Metro announced Monday the completion of the $129 million Willowbrook/Rosa Parks Station renovation and modernization project.

The renovation includes an extended A Line platform, a new southern at-grade pedestrian crossing, an expanded transfer mezzanine between the A and C Line, electronic signs with real-time transit information, custom LED lighting and upgraded stairs and elevators.

The station, located at the intersection of Imperial Highway and Wilmington Avenue, also now has a new public plaza with the Rosa Parks Customer Center, a new transit security office and transit court, and a full service mobility hub.

The project also included signage upgrades, a new pick-up and drop-off zone, nine new regional and local bus bays, a modernized park-and-ride lot with new electrical charging stations, and a pedestrian promenade connecting Wilmington Avenue to the station.

The station connects transit users from the A Line and the C Line and bus lines 55, 120, 202 and 205, as well as Metro Micro, GTrans 5, the LINK A and B King Medical Center campus Shuttle and the Lynwood Breeze D bus. It’s the fourth busiest in the Metro system, and provides access to the Martin Luther King Jr. Medical Campus, the Charles Drew University of Medicine and Science and the Kenneth Hahn Plaza Shopping Center.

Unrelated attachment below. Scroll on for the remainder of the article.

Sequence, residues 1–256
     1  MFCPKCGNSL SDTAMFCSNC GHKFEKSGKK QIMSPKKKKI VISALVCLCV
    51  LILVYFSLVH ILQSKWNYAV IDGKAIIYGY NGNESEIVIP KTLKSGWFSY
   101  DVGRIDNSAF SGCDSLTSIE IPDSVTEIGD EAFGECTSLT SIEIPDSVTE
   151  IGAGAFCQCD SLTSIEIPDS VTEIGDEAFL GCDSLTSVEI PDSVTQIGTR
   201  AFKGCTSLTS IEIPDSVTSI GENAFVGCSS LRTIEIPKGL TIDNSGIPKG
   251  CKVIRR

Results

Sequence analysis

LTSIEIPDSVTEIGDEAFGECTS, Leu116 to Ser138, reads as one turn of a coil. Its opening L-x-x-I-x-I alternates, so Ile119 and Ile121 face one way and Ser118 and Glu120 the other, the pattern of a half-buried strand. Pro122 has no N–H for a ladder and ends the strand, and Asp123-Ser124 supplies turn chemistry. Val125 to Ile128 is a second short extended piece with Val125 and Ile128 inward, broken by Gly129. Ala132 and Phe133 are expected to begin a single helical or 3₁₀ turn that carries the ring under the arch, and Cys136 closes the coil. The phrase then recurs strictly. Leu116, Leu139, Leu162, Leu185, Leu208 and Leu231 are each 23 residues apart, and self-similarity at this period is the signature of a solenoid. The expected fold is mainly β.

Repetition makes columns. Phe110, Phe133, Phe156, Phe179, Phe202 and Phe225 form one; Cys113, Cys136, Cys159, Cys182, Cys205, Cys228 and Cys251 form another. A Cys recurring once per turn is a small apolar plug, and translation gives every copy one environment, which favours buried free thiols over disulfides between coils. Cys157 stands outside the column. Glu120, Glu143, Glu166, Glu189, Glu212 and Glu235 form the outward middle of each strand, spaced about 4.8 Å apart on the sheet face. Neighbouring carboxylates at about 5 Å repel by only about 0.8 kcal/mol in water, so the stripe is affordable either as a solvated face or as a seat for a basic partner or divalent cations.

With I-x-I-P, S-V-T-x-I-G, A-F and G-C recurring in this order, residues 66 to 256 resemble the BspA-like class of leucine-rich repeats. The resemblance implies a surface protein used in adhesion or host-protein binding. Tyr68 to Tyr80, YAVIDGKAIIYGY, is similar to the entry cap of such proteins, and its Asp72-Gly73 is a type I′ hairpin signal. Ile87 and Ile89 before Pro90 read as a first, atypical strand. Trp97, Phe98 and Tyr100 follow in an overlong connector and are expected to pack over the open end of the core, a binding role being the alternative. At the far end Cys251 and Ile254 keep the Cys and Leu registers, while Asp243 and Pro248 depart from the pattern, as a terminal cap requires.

“Metro brings equity to this underserved community with improved Metro services such as the Rosa Parks Customer Center, Transit Court, and a Mobility Hub that will provide Willowbrook residents with access to all Metro services without traveling to downtown Los Angeles,” said Metro CEO Stephanie Wiggins.

“Navigating this station has never been so convenient and easy,” she said. “Everything is here to provide a seamless journey for our customers and to enhance the customer experience for residents of Willowbrook and surrounding areas.”

Two artworks added to the station to honor the area’s history were selected through a community-based process.

A photo collage mural by artist George Evans was installed above the customer center windows. The work celebrates South Los Angeles’ neighborhoods, personalities, landscapes, music and oral storytelling traditions.

A series of scultpural parasols by artists Jamex and Einar de la Torre pay homage to Rosa Parks’ life by including images and significant symbols from the civil rights movement, which she helped initiate when she refused to give up her seat to a white man on a Montgomery, Alabama, bus in 1955. The sculptures, which provide shade to riders, can be seen in the plaza adjacent to the customer service center.

The station’s renovation was part of the New Blue Improvements Project State of Good Repair Program, which included a $350 million overhaul of the A Line, and was also partly funded through a $10 million TIGER grant from the federal government.

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